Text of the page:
Canine distemper is a contagious disease dogs can get. This disease has nothing to do with your dog’s personality or aggression. Instead, it affects your canine’s respiratory, gastrointestinal, and nervous systems.
Canine distemper can affect dogs of any age, but puppies younger than four months old are at the most risk of contracting this deadly disease. Read on to learn about the symptoms, diagnosis, treatment, and prevention of canine distemper.
Symptoms of Canine Distemper
Canine distemper virus (CDV) is a highly contagious viral disease in dogs. It affects all dog breeds at any age. The disease spreads through contact––usually through coughing and sneezing.
This disease is incurable. Dogs who contract distemper often die. The disease affects many organs within the body. CDV is recognizable because it causes gastrointestinal, respiratory, and neurological symptoms simultaneously.
According to the American Veterinary Medical Association, here is a list of common symptoms for dogs with canine distemper:
- Yellow discharge from the eyes and nose
- Reduced appetite
- Muscle spams
- Lack of coordination
- Head tilt
- Walking in circles
- Partial or complete paralysis
Many illnesses cause some of these symptoms, but if you are seeing symptoms that span across different systems of the body, it is important to get your dog checked by a veterinarian.
How Does Canine Distemper Progress?
The illness usually goes through two stages. The first stage includes respiratory and gastrointestinal symptoms that may lead to secondary illnesses, such as pneumonia or dehydration. Dogs may also develop hyperkeratosis, which is a hardening of the paw pads that can cause great discomfort.
If a dog survives the first stage, the second stage has neurological symptoms, such as convulsions and seizures. Many times, dogs who develop these symptoms often have long-lasting damage to their nervous system. The disease is often fatal, or the lasting damage may result in a poor quality of life.
According to the American Kennel Club (AKC), the disease can spread through direct contact with infected animals, airborne exposure, and even through a mother dog’s placenta.
How Vets Diagnose Canine Distemper
Once you take your sick dog to the vet, they will evaluate your dog’s symptoms to determine whether your dog has canine distemper. It may be difficult for your vet to distinguish between this illness and many others that present with similar symptoms at first.
They will ask you about your dog’s vaccination status. They will also ask you if your dog has been in contact with other dogs who have been ill. Then, they will conduct a polymerase chain reaction (PCR) test. This detects whether there is the presence of the CDV’s genetic material in your dog’s body.
The vet may also take your dog’s blood and check your pet’s anti-body levels.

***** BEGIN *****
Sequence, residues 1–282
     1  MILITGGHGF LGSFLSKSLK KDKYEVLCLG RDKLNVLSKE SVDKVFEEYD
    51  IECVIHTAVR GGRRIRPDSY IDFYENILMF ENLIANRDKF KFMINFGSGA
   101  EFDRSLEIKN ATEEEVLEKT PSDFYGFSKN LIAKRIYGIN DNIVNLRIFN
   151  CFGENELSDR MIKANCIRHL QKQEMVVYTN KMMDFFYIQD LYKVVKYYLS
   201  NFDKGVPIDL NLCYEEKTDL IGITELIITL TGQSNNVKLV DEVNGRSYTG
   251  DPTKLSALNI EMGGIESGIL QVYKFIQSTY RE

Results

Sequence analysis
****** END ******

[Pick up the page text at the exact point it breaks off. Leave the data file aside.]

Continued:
Finally, the vet may also order an X-ray to check the dog’s organs and investigate whether any secondary illnesses may be causing the symptoms.
Can Vets Treat Canine Distemper?
Once your vet confirms your dog has canine distemper, there is no cure for the illness. Experts do not recommend antivirals, so most of the treatment revolves around managing the symptoms.
Vets may prescribe antibiotics to help prevent secondary infections. They may also give your dog IV fluids, especially if they are dehydrated from vomiting and diarrhea. You may need to give your dog anti-nausea or anti-seizure medications, and changes in diet may help to relieve the symptoms.
Some dogs, however, do not recover from canine distemper. A dog’s immune response will determine whether or not your dog will recover. For some cases of CDV, humane euthanasia may be necessary.
If your dog recovers, he is likely immune to the virus from now on. However, some dogs may experience neurologic symptoms weeks or years later as a result of the illness.
How to Prevent Canine Distemper
The best way to prevent your dog from catching and spreading the canine distemper virus is by getting them vaccinated. Dogs as young as six to eight weeks of age can begin CDV vaccines. After the initial dose, they will need to get another dose every three to four weeks until they are 16 to 20 weeks old.
Then, you should take them the next year for a booster and then every three years following that. Dogs from shelters or who are part of a high-risk population (such as street dogs) may need to have more frequent boosters.
Owners with puppies too young to vaccinate should keep their puppies away from high-risk areas. Dog parks and other places where lots of dogs linger may be risky.
If you have one dog that contracts the illness, it is important to isolate that dog from others in your home to prevent the spread of the disease. Be sure to use disinfectants and gloves when you clean the space. The virus can travel on your shoes or clothing, as well.
Dogs continue to shed the virus for about one month after they recover. Some dogs with continued neurological symptoms may continue to shed the virus for up to eight months. The virus may spread through urine, feces, saliva, and other bodily secretions throughout this period.
Canine Distemper Is Serious but Preventable
Canine distemper virus is a serious illness that affects young puppies and unvaccinated dogs of all ages. It’s not as common as kennel cough, but it still requires immediate veterinary care.
This disease affects the respiratory, gastrointestinal, and neurologic systems of your dog. It is often a deadly disease, but even recovered dogs may suffer long-term effects. The best way to keep your dog from contracting this illness is to get him regularly vaccinated against CDV. If your dog is too young to be vaccinated, keep them isolated from other dogs until they can be.